Posted in GARDENING, Southernisms

Soil Conditioning

Dear Mr. Garden Guy,

Why didn’t you stress the importance of soil conditioning?

When we moved into the new subdivision, its lovely laid lawns and planted shrubbery disguised a horrible truth.  The builders had stripped the land of its top soil and left only hard packed Georgia clay encased in rocks. Lots of rocks.   We had to drench the earth with water, dig down deep, remove a layer of rock.  Then more watering-in, more rock removal until finally we were ready to plant.  And that was just our mail box!

I wanted a flower garden in my front yard.   Could it be done without all this digging into rocks and clay?  I turned to you Mr. Garden Guy.  You said plant an above ground garden.  No digging needed.  Oh yeah I was all on that like white on rice!  Following your instruction, I carefully mapped out the flower bed, smothered the grass under heavy black plastic, and purchased bags of garden soil and rotted cow manure.  I enthusiastically piled layer upon layer of the most beautiful black soil ever!  Yet something seemed so WRONG about buying soil in an area known for its rich agriculture heritage.  That’s like living on an island and having to buy sand.  Sigh.   Nevertheless I was ready to plant.

It was then that you reminded me that plants are much like people – some like the sun, others prefer shade, some like to drink, others are teetotalers.  Armed with this knowledge, I joyfully set about planting a flower garden that became my pride and joy.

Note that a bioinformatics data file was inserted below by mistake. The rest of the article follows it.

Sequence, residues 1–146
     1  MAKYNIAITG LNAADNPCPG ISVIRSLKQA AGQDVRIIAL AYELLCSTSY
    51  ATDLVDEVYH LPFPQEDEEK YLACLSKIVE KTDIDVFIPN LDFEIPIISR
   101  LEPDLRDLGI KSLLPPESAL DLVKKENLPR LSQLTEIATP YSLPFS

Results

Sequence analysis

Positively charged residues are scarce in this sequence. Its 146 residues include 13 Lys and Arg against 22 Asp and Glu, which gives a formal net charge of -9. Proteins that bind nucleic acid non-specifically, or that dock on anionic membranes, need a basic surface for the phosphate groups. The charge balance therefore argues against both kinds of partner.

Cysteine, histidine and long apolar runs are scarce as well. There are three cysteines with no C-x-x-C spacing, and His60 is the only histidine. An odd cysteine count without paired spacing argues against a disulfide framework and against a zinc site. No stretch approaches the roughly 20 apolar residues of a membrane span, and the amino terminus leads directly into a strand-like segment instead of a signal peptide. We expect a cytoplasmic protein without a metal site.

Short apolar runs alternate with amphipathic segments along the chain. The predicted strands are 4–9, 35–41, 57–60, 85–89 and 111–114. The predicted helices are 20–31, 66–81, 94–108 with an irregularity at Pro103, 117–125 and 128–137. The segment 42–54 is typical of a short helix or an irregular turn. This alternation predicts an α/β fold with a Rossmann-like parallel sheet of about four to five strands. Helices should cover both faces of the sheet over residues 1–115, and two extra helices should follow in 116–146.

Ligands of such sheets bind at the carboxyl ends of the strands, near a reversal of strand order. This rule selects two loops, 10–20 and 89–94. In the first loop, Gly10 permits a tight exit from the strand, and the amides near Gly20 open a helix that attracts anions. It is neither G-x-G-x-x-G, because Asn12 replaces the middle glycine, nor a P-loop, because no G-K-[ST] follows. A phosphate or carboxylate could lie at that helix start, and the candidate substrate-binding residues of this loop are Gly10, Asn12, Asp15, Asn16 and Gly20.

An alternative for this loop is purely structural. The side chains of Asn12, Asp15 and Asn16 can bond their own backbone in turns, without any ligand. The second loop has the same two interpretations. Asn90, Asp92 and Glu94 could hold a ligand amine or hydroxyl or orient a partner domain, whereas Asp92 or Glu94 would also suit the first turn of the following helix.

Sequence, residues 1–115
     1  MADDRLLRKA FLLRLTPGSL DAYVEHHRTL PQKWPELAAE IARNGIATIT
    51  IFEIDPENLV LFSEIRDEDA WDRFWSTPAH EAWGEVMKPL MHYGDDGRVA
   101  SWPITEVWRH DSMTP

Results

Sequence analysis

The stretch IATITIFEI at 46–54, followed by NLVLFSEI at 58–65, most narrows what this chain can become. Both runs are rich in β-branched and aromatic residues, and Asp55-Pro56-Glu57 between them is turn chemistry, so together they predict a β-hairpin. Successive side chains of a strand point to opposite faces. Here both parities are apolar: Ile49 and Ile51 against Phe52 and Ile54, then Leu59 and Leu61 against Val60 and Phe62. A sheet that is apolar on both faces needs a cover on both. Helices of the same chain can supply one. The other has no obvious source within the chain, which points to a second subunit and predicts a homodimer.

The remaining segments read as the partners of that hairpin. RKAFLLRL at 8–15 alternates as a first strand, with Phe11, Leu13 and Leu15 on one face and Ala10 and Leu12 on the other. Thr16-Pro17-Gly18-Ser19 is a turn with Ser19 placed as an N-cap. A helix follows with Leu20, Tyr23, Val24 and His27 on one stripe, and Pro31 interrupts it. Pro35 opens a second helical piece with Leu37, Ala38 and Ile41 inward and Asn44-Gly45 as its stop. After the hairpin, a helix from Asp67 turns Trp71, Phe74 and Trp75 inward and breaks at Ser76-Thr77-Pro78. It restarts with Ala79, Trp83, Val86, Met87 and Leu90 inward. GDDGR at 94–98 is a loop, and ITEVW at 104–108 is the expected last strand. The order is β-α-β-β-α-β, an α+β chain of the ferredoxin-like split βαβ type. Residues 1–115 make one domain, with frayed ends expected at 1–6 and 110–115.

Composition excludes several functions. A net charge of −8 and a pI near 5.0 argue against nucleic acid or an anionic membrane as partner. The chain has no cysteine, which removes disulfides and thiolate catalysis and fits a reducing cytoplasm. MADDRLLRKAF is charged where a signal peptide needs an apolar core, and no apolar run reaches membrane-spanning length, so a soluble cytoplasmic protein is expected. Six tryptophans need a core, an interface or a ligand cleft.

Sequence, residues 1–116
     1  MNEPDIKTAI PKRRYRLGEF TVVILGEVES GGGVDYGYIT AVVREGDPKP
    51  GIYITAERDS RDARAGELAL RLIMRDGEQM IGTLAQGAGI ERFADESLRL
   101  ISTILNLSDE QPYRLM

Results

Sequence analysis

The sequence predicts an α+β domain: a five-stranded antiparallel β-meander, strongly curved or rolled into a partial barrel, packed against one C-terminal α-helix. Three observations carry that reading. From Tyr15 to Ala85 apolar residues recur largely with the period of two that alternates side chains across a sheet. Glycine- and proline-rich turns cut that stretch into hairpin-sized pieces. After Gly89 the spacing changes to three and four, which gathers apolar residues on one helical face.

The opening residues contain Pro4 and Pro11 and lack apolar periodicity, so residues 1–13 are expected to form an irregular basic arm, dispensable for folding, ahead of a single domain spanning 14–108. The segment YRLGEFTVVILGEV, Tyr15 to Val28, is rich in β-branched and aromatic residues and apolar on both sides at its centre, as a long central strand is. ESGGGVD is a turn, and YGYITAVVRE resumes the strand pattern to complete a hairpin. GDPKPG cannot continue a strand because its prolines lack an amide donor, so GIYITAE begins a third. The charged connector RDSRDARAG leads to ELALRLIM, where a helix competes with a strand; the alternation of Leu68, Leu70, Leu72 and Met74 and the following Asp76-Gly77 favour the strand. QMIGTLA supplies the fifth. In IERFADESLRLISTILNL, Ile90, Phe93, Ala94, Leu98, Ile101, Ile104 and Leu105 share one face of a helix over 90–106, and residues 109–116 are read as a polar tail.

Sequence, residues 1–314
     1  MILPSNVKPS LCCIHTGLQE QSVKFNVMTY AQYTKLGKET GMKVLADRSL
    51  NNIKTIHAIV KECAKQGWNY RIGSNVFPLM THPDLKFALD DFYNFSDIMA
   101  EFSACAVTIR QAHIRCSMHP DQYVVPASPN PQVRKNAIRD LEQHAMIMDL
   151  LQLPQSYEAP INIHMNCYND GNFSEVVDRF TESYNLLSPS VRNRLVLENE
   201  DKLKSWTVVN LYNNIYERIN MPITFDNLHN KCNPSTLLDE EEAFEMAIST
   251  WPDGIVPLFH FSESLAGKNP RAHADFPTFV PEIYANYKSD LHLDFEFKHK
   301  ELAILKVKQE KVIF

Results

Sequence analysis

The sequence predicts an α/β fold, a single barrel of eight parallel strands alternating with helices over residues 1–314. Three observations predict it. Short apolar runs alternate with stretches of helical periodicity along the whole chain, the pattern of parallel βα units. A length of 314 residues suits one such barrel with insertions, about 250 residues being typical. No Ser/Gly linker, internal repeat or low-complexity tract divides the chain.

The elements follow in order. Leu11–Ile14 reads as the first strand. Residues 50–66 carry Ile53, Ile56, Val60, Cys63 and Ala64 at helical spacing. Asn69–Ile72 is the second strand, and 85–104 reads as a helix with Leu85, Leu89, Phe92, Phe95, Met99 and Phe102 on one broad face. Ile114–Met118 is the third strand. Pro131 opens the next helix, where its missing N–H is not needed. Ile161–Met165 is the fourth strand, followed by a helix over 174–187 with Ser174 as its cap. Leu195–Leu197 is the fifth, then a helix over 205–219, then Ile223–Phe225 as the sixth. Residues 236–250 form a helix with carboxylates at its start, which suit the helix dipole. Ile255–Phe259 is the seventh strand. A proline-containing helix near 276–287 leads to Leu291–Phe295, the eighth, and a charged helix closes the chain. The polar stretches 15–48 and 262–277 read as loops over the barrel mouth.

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My thriving flower garden, before soil depletion.

But Mr. Garden Guy you didn’t tell me about caring for my soil’s needs.  As the years went by my perennials stopped thriving and my annuals weren’t lasting even a season.  Money was wasted buying more plants.  They simply died.  Even applying liquid fertilizer seemed futile.  Like a botanical sugar rush, it gave the plants a brief growth spurt.  But then nothing.  Stunted plants and devouring insects dotted my once lovely garden.  I worried: Could I be losing my “green thumb?”

One day I stooped down for a closer look.  Brushing away the mulch, I grabbed a handful of soil.   It was no longer the richly black, heavy soil I had laid.  Rather it had become an ashy grey, lifeless heap of dirt.  My soil was dead!  Augh!

I ran crying to you Mr. Garden Guy.  You explained that the plants got their nutrients from the soil.  But since I never “fed” the soil, it could no longer “feed” the plants.  My soil wasn’t dead.  It was simply malnourished.

I cleaned out the garden and began feeding the soil.  I fed it shovels-full of fresh top soil.  I fed it nitrogen, potassium and phosphorus.

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FreeImages.com/Lizewiek

I fed it wood ash, used coffee grinds, diced banana peels and crushed eggshells.  I fed it earthworms.  Throughout the fall and winter, neighbors smiled nervously as they watch me till, turn and dig into the mound of dirt.  I didn’t care.  I was determined to nurse that depleted dirt back to life.   By spring planting,  the harmful insects who thrived in the once nutrient-starved soil were all but gone.  And when I saw a tiny black ant making its way home with a slither of eggshell, I smiled.  The soil was coming back to life again!

More changes were in store for this flower bed.  I will share in a future “letter.”

 

 

 

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Author:

Hi! I'm Denise Massey - the funny face behind ArtReach at Home. My past: museum curator, art teacher and consultant. Today: a blogger sharing creativity and personal stories about life in the South.